Despite these obvious attempts to broaden the scope of the game there is never really anything in Fatal Frame III that breaks any new ground. There are plenty of chills and thrills and downright terrifying jump-off-the-couch-screaming moments, and the story is certainly the best in the series. As long as you aren’t looking for something new in survival horror, this game will certainly delight fans of the genre just out for a scary good time.
While I might have complained about the fixed camera angles as they relate to controls and movement, I have to hand it to the designers for creating some of the most stunning (and disturbing) camera work in the history of horror games. Each time you enter a room it is a new experiment in cinematography, camera placement, movement, and direction of the scene. A seemingly innocent room or situation can be made to be quite terrifying with a thoughtful camera position.
The technical quality of Fatal Frame III is outstanding and there is even support for progressive scan which gives everything a much sharper edge and reduces the troublesome flicker of past games. Oddly enough, there is no support for widescreen TV’s – something that inherently goes with progressive scan, but the game doesn’t look too distorted when you stretch it to fit a 16:9 aspect ratio.
The levels and environments in this game are by far the best in the series with some of the creepiest designs and more original concepts like the nightmare realm stealing the show. The ghosts are even more terrifying than before and being forced to fight them through a camera viewfinder remains one of the greatest ideas in video game history.
The characters are extremely well done this time around with great facial expressions, detailed models and some of the best fabric and cloth physics and costume design for any PS2 game this year. Lighting and shadows contribute greatly to the overall ambience and sense of dread each time you enter a new area.
Fatal Frame III has some sinister sound effects than range from uneasiness to truly terrifying. But even when this game is sounding its best it is still being held back by a true 3D surround mix. It’s a shame really, because this is a game that demands total immersion and sound if the perfect way to achiever that.
The environmental noises combine with the eerie music to create endless dread throughout the entire game. Even when nothing is going on you will be on the edge of your seat.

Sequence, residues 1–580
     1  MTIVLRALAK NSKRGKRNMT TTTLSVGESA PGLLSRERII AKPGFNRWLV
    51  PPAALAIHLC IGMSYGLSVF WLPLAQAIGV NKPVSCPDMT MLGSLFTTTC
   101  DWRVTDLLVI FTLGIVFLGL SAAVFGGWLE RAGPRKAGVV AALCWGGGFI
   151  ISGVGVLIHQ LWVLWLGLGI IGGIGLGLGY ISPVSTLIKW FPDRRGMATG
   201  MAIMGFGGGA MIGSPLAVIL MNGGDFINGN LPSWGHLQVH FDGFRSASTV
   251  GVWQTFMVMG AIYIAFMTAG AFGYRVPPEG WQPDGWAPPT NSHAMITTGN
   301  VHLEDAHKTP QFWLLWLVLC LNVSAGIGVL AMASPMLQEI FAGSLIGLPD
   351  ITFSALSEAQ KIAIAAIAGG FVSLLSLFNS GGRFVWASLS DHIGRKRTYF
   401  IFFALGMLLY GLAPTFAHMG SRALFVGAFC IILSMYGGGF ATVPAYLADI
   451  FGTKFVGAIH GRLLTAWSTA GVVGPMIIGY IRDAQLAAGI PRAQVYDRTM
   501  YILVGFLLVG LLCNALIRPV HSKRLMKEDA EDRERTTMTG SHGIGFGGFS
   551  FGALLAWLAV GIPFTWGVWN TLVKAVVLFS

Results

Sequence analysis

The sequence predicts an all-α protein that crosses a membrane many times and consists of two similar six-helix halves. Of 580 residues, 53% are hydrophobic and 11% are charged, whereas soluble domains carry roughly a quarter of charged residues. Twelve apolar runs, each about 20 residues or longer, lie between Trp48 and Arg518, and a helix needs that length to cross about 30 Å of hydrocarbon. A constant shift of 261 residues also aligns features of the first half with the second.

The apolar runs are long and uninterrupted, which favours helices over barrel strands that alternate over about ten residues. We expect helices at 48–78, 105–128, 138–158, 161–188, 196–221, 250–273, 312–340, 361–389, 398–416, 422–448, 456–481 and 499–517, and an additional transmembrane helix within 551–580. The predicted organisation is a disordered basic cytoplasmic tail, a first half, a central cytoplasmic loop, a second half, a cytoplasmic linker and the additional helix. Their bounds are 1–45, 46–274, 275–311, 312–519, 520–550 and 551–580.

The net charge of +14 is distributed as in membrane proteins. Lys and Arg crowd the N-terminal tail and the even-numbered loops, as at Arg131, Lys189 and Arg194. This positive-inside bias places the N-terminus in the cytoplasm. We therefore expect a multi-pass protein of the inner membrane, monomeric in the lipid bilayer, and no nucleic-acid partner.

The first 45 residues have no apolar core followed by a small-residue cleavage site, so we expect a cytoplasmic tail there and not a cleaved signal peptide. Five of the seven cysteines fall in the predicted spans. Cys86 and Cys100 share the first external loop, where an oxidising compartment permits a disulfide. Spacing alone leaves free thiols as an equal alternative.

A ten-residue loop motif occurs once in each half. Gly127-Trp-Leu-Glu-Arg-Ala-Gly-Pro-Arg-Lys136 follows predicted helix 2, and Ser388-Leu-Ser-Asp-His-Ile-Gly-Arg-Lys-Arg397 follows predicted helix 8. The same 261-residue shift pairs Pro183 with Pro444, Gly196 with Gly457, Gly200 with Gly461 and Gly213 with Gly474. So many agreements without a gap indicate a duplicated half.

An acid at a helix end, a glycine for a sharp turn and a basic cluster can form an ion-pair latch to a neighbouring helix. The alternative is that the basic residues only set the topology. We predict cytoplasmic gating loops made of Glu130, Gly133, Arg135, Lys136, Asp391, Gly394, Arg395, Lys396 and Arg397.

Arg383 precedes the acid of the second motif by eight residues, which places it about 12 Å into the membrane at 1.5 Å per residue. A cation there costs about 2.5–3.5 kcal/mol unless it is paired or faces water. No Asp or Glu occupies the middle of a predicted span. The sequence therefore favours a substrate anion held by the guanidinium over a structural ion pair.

There is a good amount of voice acting and it is of surprisingly good quality. There are some technical issues with some of the dialogue and some of it has a reverb quality about it, even when spoken in areas that wouldn’t create such an echo.
There are an “unlucky” 13 chapters in Fatal Frame III that divide up the 24 missions. The game can easily last you 15-20 hours and with multiple endings, three playable characters, and multiple costumes, you have plenty of reasons to replay. There are even incentives to replay the entire game to obtain extra items.
I had a great time with Fatal Frame III despite the aging controls and unoriginal gameplay. The story has never been better, and I enjoyed the multiple characters and parallel game worlds. And even though the gameplay is much slower paced than The Suffering or Resident Evil, the graphics and sound combine to create a continuous sense of tension that is just as scary as anything else on the shelf.
Sadly, Fatal Frame III: The Tormented comes during a year when gamers are already burdened with an overabundance of titles that are trying to terrify us. And being the third game in the series, even dedicated ghost hunters are beginning to get a bit bored with the same old gameplay mechanics.
That doesn’t mean Fatal Frame III is any less scary, just a bit more predictable and not as original as it once was. And with plenty of competition that is just as frightening, if not more so, Tecmo is going to have to come up with something new to keep this series alive for any future installments.